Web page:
version 1.2.0.0 (2.55 KB) by
Nathan Orloff

Fit a 2D rotated gaussian.
http://en.wikipedia.org/wiki/Gaussian_function

FMGAUSSFIT performs a gaussian fit on 3D data (x,y,z).

[fitresult,..., rr] = fmgaussfit(xx,yy,zz) uses ZZ for the surface

height. XX and YY are vectors or matrices defining the x and y

components of a surface. If XX and YY are vectors, length(XX) = n and

length(YY) = m, where [m,n] = size(Z). In this case, the vertices of the

surface faces are (XX(j), YY(i), ZZ(i,j)) triples. To create XX and YY

matrices for arbitrary domains, use the meshgrid function. FMGAUSSFIT

uses the lsqcurvefit tool, and the OPTIMZATION TOOLBOX. The initial

guess for the gaussian is places at the maxima in the ZZ plane. The fit

is restricted to be in the span of XX and YY.

See:

http://en.wikipedia.org/wiki/Gaussian_function

Examples:

To fit a 2D gaussian:

[fitresult, zfit, fiterr, zerr, resnorm, rr] =

fmgaussfit(xx,yy,zz);

See also SURF, OPTIMSET, LSQCURVEFIT, NLPARCI, NLPREDCI.

Nathan Orloff (2020). Fit 2D Gaussian with Optimization Toolbox (https://www.mathworks.com/matlabcentral/fileexchange/41938-fit-2d-gaussian-with-optimization-toolbox), MATLAB Central File Exchange. Retrieved .

Created with
R2012b

Compatible with any release

**Inspired:**
gaussfitn, Revising sunspot numbers since the times of Galileo, SpotsInNucleiBot

Find the treasures in MATLAB Central and discover how the community can help you!

Start Hunting!Create scripts with code, output, and formatted text in a single executable document.

Shira TaraginLuis OviedoKristoffer KjærnesSergeyCould you please tell me, how should I modify the code to fit data with symmetric gaussian, i.e. i want sigmas to be equal ; I am not sure I matched code in gaussian2D with formulas correctly.

Pavlo Kliuievthank you!

Juan GarciaHi Nathan,

You're right it is a constant, but if you want to actually retrieve the sigmas of the gaussian you need that constant.

Try the simple case

x = -100:100; y = x; [xx, yy] = meshgrid(x,y);

sigma = 20;

zz = exp(-(xx.^2 + yy.^2) ./ (2*sigma^2));

You obtain fitresult(3:4) = 28.2847 when you would like it equal to 20. It can be corrected afterwards by dividing fitresult(3:4)./sqrt(2), but just to be aware of it.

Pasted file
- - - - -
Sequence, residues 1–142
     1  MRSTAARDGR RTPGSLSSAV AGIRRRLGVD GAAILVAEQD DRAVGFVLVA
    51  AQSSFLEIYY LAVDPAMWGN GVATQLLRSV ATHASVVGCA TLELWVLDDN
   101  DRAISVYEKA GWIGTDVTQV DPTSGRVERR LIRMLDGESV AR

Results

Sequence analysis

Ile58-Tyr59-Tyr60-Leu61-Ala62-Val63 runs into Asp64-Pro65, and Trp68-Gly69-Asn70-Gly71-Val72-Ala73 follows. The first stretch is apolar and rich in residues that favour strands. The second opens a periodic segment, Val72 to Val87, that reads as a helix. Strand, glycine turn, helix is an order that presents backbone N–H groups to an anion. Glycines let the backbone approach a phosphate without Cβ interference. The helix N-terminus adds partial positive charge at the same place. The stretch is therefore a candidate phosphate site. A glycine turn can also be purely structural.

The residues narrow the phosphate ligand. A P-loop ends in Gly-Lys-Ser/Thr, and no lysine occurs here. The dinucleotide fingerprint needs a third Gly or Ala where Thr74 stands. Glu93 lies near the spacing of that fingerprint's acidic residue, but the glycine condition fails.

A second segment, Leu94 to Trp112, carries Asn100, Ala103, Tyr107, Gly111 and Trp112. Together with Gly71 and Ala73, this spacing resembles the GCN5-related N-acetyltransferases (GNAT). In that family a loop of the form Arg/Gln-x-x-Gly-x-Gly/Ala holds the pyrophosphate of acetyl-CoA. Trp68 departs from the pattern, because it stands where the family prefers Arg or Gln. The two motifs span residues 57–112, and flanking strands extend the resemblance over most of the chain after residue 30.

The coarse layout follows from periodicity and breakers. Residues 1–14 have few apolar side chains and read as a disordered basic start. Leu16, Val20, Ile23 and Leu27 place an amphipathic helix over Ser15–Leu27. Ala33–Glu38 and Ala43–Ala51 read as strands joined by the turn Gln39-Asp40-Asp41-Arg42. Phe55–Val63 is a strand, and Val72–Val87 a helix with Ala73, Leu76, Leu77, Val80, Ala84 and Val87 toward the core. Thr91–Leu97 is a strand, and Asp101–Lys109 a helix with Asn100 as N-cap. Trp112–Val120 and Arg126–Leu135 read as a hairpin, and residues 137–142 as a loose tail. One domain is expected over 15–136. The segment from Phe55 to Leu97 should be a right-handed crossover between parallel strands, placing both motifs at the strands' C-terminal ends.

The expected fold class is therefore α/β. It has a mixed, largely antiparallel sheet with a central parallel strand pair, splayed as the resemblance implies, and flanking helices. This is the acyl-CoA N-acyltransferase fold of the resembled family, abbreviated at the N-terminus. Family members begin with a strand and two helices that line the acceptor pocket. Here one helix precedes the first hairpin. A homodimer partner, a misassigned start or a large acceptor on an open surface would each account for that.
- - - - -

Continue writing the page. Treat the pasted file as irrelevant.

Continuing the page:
Regards

Nathan OrloffHi Juan,

I think that Zo is just an offset. As to the normalization of the sigma, I think it is just a constant. I omitted it for readability.

Thanks GBorg!

GBorghesanThe fitresults is

mu=fitresult(5:6)

angle=fitresult(2)%in deg

sigma= fitresult(3:4)

hg=fitresult(1) % amplitude ;

and can be reused in function

gaussian2D=@(par,x,y)(par(7) + ...

par(1)*exp(-(((x-par(5)).*cosd(par(2))+(y-par(6)).*sind(par(2)))./par(3)).^2-...

((-(x-par(5)).*sind(par(2))+(y-par(6)).*cosd(par(2)))./par(4)).^2));

XYZJuan GarciaNice function. I was having a look at it and I have a question and a comment.

Question: What is the meaning of z0 or par(7) in the gaussian2D function.

Comment: I would say that both sigmas in the gaussian2D function lack the multiplication by 2, or to maintain the power of 2 to the whole fraction, by sqrt(2).

Then:

function z = gaussian2D(par,xy)

% compute 2D gaussian

z = par(7) + ...

par(1) * exp(-(((xy{1}-par(5)).*cosd(par(2))+(xy{2}-par(6)).*sind(par(2)))./(sqrt(2)*par(3))).^2-...

((-(xy{1}-par(5)).*sind(par(2))+(xy{2}-par(6)).*cosd(par(2)))./(sqrt(2)*par(4))).^2);

end

Eric TI get the following warning:

Warning: The Levenberg-Marquardt algorithm does not handle bound constraints; using the

trust-region-reflective algorithm instead.

> In lsqncommon at 83

In lsqcurvefit at 252

In fmgaussfit at 56

Nathan Orlofffitresult = fit parameters used to generate the fit.

zfit = the z values of the fit

fiterr = error in the fitparameters assuming a confidence interval.

zerr = error in the z values assuming the uncertainty in the fit paramteres

resnorm = residual

rr = reduced chi-squared.

OlhadoThis bit of code is doing exactly what I want I think but I wondering if it might be possible for the Author to expand on the meaning of the values the function outputs or point me in the direction as to where I can find the answer. Thanks a Ton

ChristopherNathan OrloffI edited this a little. The fit is better with z bounds. I will post it soon... If you have already downloaded this just add the following.

%% Set up the startpoint

[amp, ind] = max(zData); % amp is the amplitude.

xo = xData(ind); % guess that it is at the maximum

yo = yData(ind); % guess that it is at the maximum

ang = 45; % angle in degrees.

sy = 1;

sx = 1;

zo = median(zData(:))-std(zData(:));

xmax = max(xData)+2;

ymax = max(yData)+2;

zmax = amp*2; % amp is the amplitude.

xmin = min(xData)-2;

ymin = min(yData)-2;

zmin = min(zData)/2; % amp is the amplitude.

%% Set up fittype and options.

Lower = [0, eps, 0, 0, xmin, ymin, zmin];

Upper = [Inf, 180, Inf, Inf, xmax, ymax, zmax]; % angles greater than 90 are redundant

StartPoint = [amp, ang, sx, sy, xo, yo, zo];%[amp, sx, sxy, sy, xo, yo, zo];